> > However, what reason is there to
> > extrapolate from this that there must be some special explanation for the
> > interaction between body and mind? What do you lose if you simply accept,
> > as per Gilbert Ryle, that the mind is what the brain does?
> In a phrase, I would lose choice. What you are asking me is to give up
> any hope of understanding how my sense of being-in-the-world is related to
> any other phenomena in the world of experience and instead to just blindly
> believe some claim.
I think that it comes down to a perceived need of an "answer".
Some of us require (demand) an explanation for the fact that
mathematics is so tightly coupled to the physical universe;
others need that, but more: they require an explanation beyond
the existence of mere abstract mathematical patterns; yet others
want that too, but more: they demand answers beyond naive
materialism for the existence of 1st person experiences. Yet
others go way beyond, and demand a Force to be responsible for
everything, and others beyond that, that this Force be personal
and omnipotent (how else to explain certain feelings?)
I'm scared sort of bad, that my own case may turn out to be
that I'm homozygous recessive in the religiosity gene, and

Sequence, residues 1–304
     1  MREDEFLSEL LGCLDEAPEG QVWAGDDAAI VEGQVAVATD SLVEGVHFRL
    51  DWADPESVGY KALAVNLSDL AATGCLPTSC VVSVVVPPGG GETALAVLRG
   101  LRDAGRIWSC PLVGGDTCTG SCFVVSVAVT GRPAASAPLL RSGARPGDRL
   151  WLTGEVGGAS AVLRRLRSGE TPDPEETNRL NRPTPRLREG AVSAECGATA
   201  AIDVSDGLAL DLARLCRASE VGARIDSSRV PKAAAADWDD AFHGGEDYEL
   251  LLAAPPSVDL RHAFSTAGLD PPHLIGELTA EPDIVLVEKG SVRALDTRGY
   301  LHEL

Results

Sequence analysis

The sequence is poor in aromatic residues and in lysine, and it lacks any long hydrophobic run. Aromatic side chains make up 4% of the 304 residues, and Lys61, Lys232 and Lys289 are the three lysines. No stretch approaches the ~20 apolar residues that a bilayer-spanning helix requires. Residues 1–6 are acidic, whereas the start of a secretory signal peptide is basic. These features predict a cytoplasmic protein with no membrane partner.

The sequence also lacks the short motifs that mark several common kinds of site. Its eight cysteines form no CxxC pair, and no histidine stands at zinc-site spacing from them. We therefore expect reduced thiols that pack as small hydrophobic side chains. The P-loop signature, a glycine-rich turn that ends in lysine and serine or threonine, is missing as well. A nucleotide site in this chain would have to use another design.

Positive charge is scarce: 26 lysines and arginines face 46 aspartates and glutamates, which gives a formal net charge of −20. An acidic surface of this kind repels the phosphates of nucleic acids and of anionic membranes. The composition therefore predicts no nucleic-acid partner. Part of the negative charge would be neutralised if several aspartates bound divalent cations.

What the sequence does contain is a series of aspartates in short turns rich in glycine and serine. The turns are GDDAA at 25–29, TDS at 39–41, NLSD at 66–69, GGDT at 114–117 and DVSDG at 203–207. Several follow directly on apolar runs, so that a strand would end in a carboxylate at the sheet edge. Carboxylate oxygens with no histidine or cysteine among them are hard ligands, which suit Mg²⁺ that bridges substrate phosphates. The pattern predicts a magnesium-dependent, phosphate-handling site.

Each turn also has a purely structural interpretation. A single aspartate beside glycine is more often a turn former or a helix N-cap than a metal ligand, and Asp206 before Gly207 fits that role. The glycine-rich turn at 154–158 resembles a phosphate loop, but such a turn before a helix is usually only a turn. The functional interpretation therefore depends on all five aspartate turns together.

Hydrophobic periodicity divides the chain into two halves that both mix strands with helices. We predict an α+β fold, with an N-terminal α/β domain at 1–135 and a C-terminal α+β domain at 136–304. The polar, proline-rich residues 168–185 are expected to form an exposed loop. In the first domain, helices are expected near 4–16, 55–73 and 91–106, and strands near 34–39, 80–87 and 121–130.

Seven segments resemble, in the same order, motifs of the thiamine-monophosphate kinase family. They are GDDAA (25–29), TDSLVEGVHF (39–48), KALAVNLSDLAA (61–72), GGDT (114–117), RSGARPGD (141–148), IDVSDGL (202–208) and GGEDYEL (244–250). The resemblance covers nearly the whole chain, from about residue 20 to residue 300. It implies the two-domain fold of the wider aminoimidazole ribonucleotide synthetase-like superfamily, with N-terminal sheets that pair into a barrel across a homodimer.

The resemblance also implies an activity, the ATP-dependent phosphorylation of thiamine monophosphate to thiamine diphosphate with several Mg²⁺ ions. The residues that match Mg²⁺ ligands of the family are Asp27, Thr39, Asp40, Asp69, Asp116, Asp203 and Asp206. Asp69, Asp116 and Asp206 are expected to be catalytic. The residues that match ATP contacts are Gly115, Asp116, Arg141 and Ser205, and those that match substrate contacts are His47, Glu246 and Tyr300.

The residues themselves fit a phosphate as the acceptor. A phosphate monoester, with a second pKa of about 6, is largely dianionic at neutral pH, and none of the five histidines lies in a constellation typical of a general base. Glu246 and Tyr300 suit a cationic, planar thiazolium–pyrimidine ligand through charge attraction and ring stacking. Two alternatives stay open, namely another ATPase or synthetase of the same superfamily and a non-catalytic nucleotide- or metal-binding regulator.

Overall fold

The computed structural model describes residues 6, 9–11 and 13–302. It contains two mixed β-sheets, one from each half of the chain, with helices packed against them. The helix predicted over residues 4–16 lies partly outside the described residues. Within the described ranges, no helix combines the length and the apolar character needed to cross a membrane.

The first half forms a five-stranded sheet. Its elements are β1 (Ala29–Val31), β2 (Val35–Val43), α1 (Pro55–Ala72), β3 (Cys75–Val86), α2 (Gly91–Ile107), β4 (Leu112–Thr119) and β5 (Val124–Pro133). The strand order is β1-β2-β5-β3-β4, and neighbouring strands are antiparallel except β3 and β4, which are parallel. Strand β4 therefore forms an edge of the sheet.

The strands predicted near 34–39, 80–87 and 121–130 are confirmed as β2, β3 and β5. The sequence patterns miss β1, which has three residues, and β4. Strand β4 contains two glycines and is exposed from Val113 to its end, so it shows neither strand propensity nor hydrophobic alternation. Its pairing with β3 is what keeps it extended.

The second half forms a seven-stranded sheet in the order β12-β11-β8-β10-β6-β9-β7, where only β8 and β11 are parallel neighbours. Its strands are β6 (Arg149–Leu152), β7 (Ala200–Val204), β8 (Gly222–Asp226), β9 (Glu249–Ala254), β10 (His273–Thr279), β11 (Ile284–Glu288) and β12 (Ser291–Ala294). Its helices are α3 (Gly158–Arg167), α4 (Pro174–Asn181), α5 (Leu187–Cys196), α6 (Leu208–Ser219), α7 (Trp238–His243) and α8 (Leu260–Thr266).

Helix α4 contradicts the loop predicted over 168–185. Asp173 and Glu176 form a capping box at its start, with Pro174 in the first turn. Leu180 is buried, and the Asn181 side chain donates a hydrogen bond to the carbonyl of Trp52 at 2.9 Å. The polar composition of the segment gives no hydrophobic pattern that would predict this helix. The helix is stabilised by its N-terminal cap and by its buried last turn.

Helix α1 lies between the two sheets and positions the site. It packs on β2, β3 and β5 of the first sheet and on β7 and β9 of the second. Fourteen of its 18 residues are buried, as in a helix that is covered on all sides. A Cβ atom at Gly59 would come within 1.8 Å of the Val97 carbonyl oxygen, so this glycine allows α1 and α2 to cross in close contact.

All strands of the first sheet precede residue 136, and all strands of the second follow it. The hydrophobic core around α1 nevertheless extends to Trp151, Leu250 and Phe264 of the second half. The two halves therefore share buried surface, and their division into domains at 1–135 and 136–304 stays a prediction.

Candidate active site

the people I mentioned first on the list are entirely heterozygous,
and the people I mentioned last are homozygous dominant! :-)
If not a religiosity gene, then some manner of unshakable almost
innate predisposition to be satisfied or unsatisfied with these
explanations. For the life of me, I can't see (nor have ever been
able to see) what the big deal is about 1st person experiences.
Of course I have 'em. So does everyone. It's as though people
expect 3rd person explanations for 1st person experiences, and I
think it is in principle impossible: i.e., that *no* possible
string of words in the English language could ever establish 1st
person "truths" by 3rd person descriptions of what physically is.
Stathis went on:
> > Otherwise, you
> > could seek a special explanation for an electronic calculator's
> > matter/mathematics dualism, or a falling stone's matter/energy dualism, or
> > any number of similar examples. Occam's razor would suggest that such
> > complications are unnecessary.
Another homozygous recessive, like me, eh? :-)
I won't agree that Occam's razor really can be deployed here.
It's just that you can't *see* the problem they're seeing.
> Pratt's disdain follows from the obvious failures of other models. It
> does not take a logician or mathematician or philosopher of unbelievable IQ
> to see that the models of monism that have been advanced have a fatal flaw:
> the inability to prove the necessity of epiphenomena. Maybe Bruno's theory
> will solve this, I hold out hope that it does; but meanwhile, why can't we
> consider and debate alternatives that offer a view ranging explanations and
> unifying threads, such as Pratt's Chu space idea?
I just have to say that I have utterly no sense that anything
here needs explanation.
Now I am not kidding: Once, when I was exasperated, I joked with
with a couple of friends and half-persuaded them that I was not
conscious. Do we really know for sure that Stephen, Lee, and
Stathis all have the same kind of consciousness? Could it be
that whether or not you see a problem depends on the extent
and kind of consciousness you have? Could we be making a fatal
mistake by assuming that everyone here has the same kind of